Question: Could the “Fermi paradox” simply stem from the difficulty of communication across vast distances?
Peter Ward: Well, it could be an aspect of communication, but it also could be just another indication that Medea is correct. The life gets going on a planet and then kills itself off through colossal blunders. A friend of mine said, I should call it the Medea Hypothesis, but evolution is more like Mr. Bean; Mr. Bean blundering into one situation after another. Let’s hey, let’s make oxygen, that’ll be cool; and then poisoning almost every bit of life around it. Or, hey let’s make photosynthesis; and then reducing carbon dioxide so much that we go into a snowball earth. Or, hey, let’s make forests; and then reducing CO2 even further and producing a gigantic, almost global ice age in the carboniferous. Let’s do this, says Mr. Bean.
Question: Does personality shape scientists’ interpretation of data?
Peter Ward: Well, science is certainly affected by how scientists perceive it should be, we’re all human. And human nature being what it is, it’s really a shame that science as we know it now discourages scientists talking to people other than scientists. Carl Sagan knew much about this. We invented a word, Saganized, or Saganization, in which your fellow scientists frown on you for attempting to talk to the masses.
The way it comes down, it’s just sort of a prim down turning of the mouth, but the reaction is, why have you wasted your time. That’s time that could have gone into doing your science and you have taken it away and done something else. Well, you have not come to your full potential as a scientist. I personally am pretty upset about this in the sense that I think the reason that we only have half of American’s believing in evolution, the reason we have so many Americans thinking that there’s a political motive in global warming is that the science communication coming out of the professional scientists, most of whom are university professors, is abysmal.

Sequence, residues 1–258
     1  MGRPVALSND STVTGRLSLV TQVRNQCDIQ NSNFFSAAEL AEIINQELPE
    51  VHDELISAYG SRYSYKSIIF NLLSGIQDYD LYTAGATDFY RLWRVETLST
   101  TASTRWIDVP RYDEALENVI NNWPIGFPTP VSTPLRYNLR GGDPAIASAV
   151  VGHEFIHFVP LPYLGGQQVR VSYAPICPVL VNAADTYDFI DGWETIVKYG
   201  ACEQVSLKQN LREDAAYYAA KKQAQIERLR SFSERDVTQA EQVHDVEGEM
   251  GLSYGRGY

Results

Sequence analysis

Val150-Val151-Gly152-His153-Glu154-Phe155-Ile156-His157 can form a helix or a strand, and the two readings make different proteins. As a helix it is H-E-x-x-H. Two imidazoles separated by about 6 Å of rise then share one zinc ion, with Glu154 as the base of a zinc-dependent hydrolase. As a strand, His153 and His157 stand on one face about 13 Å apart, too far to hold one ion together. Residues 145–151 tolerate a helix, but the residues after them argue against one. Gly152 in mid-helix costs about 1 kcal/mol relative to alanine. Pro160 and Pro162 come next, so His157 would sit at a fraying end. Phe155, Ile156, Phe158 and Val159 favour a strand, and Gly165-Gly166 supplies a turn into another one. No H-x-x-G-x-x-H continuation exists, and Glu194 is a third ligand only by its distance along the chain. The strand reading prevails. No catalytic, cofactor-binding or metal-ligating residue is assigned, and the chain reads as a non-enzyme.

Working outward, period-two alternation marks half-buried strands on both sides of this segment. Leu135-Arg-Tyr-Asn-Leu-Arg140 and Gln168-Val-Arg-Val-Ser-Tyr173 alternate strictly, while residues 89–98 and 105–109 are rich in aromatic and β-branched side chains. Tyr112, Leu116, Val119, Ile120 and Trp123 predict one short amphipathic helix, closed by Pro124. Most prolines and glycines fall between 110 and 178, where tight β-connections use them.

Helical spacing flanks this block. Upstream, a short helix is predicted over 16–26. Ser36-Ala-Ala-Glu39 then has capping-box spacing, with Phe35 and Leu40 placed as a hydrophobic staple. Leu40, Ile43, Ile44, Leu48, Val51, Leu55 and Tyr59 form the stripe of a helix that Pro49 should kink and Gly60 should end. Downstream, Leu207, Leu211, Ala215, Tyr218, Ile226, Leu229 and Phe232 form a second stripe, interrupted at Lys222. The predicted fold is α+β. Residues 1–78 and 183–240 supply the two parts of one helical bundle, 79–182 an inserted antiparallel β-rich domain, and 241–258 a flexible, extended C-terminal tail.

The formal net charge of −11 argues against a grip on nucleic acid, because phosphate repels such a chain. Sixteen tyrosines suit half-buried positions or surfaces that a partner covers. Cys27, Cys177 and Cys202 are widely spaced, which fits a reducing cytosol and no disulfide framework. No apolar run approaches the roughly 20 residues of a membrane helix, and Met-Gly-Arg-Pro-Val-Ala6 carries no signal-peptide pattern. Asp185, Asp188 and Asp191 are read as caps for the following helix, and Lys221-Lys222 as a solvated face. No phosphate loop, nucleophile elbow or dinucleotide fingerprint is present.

And as an example, when you come up for a job interview, you have been vetted from a hundred candidates. And the way that we cut down is to look at their scientific output. If this is a post-doc, or someone with a brand new PhD, we’re looking entirely at research productivity. If research productivity is marred by there’s an outreach component to this that sets that person in deficit compared to that other person who’s got that one more scientific article.
When we come up for promotion, we never look at; say hey, two scientific Americans, no, we saw, wow three papers in science, okay. That’s what goes. You don’t get promoted for the side stuff. When I write books, I’ve done 16 now. They don’t go to my promotion packets. These are the sort of ugly little aside that tried us that the person has been doing as a hobby, but is not part of the professional meat. It has nothing to do with me as my professorship position. That outreach stuff, that’s somebody else. I actually give it an entirely different name. And that’s the way it is across all the first rate science places.
A lot of people do outreach, but not enough. We need to make that any PhD thesis, one chapter is outreach for the public, the other three or four are for the scientists and that this has to become institutionalized, then you can’t do it for one person, it’s got to be an entire recognition. That’s not happening.